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Granite Shoals employees work up a storm to clear debris

Fallen tree in Granite Shoals

Just one of the large trees snapped by high winds during a fast and furious storm that blew through Granite Shoals and the rest of the Highland Lakes on the night of May 5. Granite Shoals city employees teamed up and cleared the city’s roads of downed trees before morning. Courtesy photo by Tim Campbell

City of Granite Shoals employees were recognized during the City Council meeting on Tuesday, May 9, for their quick response to storm damage on the night of May 5. High winds downed trees across the city, obstructing roads and knocking out power for hours. 

“We had a very bad storm run through Granite Shoals over the weekend,” said City Manager Peggy Smith during her manager’s report to the council. “Our guys got out and did what they’re supposed to do in response to this.”

The Granite Shoals emergency task force, led by Fire Chief Tim Campbell, worked through the night to clear streets by morning, Smith said.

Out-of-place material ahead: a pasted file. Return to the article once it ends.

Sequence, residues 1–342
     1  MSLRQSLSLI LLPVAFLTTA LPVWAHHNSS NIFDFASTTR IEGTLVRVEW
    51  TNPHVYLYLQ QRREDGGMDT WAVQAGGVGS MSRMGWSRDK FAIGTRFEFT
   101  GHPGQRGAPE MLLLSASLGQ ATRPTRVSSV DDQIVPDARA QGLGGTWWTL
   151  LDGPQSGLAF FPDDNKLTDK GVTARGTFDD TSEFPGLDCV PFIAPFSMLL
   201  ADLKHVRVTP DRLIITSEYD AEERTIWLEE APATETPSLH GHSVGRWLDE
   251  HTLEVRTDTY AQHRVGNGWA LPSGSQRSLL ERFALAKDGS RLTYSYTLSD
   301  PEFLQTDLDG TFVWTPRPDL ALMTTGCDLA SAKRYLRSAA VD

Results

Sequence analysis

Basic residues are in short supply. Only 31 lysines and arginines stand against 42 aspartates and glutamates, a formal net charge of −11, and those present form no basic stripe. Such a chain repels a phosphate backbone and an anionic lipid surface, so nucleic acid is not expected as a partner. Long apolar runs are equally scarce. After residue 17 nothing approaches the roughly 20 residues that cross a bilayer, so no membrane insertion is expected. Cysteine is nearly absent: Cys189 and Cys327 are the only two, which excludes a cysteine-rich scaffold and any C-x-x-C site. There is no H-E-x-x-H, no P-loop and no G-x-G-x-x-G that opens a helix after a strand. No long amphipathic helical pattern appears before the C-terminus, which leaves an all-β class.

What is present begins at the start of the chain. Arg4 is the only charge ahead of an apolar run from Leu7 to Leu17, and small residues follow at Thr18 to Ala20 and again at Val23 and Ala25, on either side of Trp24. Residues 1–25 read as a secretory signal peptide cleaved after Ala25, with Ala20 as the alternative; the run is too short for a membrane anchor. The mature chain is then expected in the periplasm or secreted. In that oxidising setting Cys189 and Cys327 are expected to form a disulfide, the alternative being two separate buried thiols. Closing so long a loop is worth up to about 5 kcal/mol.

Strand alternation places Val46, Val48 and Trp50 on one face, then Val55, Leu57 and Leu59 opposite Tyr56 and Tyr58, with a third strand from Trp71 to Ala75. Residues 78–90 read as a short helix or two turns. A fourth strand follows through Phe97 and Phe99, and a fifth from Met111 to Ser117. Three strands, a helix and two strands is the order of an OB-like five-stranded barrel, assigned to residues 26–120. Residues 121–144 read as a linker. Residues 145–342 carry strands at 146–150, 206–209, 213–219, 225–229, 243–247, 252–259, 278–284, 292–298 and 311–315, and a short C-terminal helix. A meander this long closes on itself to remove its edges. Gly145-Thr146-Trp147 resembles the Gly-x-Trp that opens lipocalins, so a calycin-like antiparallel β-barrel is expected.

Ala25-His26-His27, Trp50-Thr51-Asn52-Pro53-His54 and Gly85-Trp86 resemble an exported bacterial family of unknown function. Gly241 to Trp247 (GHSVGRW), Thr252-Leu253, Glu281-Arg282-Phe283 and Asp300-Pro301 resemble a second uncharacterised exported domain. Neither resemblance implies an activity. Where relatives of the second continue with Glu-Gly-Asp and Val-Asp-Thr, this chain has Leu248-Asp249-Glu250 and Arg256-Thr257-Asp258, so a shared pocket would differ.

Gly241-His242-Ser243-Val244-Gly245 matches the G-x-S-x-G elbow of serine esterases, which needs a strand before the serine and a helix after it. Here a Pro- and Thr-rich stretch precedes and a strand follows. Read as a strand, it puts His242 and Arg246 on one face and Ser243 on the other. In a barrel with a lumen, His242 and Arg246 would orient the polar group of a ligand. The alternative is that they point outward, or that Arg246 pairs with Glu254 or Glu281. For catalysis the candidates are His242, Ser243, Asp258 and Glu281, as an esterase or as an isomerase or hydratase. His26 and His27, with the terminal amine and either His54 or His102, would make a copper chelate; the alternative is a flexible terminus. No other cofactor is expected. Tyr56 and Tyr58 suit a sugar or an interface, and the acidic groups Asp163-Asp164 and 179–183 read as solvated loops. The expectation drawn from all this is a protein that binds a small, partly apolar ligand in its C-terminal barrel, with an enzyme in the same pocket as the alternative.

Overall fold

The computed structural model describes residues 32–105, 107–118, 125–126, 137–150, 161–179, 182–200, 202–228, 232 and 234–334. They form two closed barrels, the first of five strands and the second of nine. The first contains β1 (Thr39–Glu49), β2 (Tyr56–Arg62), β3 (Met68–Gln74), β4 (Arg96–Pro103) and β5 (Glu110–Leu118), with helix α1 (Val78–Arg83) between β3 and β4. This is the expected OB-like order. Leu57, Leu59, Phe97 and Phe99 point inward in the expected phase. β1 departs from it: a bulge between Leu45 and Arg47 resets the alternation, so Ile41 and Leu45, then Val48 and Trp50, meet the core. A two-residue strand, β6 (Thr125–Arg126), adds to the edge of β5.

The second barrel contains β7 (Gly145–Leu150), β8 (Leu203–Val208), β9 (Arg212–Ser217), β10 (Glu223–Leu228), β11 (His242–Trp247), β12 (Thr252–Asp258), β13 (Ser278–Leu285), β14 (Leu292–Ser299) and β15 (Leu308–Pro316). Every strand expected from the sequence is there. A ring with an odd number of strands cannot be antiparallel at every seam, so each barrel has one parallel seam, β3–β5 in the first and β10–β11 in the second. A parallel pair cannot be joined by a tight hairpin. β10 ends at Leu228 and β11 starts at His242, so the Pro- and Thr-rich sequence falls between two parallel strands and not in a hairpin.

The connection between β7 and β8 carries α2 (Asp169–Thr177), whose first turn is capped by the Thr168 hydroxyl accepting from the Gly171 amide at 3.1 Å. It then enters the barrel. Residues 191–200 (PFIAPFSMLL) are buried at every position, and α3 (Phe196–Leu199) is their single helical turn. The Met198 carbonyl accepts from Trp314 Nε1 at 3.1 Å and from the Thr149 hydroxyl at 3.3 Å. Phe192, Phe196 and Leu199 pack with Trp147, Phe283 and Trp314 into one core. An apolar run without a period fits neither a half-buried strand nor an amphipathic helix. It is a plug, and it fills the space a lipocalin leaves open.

Campbell coordinated with Streets and Parks Superintendent Ronald “Shorty” Corley and Police Chief John Ortis to put together the quick-response team, Campbell said. Four streets were totally obstructed by fallen trees, and large quantities of brush and branches made it difficult to traverse many of the roads on Granite Shoals’ west side.

“As soon as the storm had cleared out, police, fire crews, parks and streets, we all got together, got a plan, got a backhoe, and started going up and down the roads on the west side of town,” Campbell told

The emergency crew worked until midnight and stayed at the ready until power was restored. Smith estimated that portions of the city lost electricity for about three hours.

Campbell’s report to the council was met with applause from officials and dozens of residents who attended the meeting.

Place 4 Councilor Steve Hougen singled out and thanked Chief Ortis for his management of the city’s Everbridge alert system, which notified the councilor of storm hazards while he was in Europe on vacation. The system was implemented in January, allowing residents to sign up for mass city notifications during emergencies.

Smith also opened the city’s brush pile to residents on Monday to ease the burden of disposing of organic debris from the storm.

“We did lose a lot of very healthy trees,” she lamented.

No injuries were reported in the storm. Campbell’s fire command truck did receive two dings, and Superintendent Corley lost a windshield on his work truck to hail.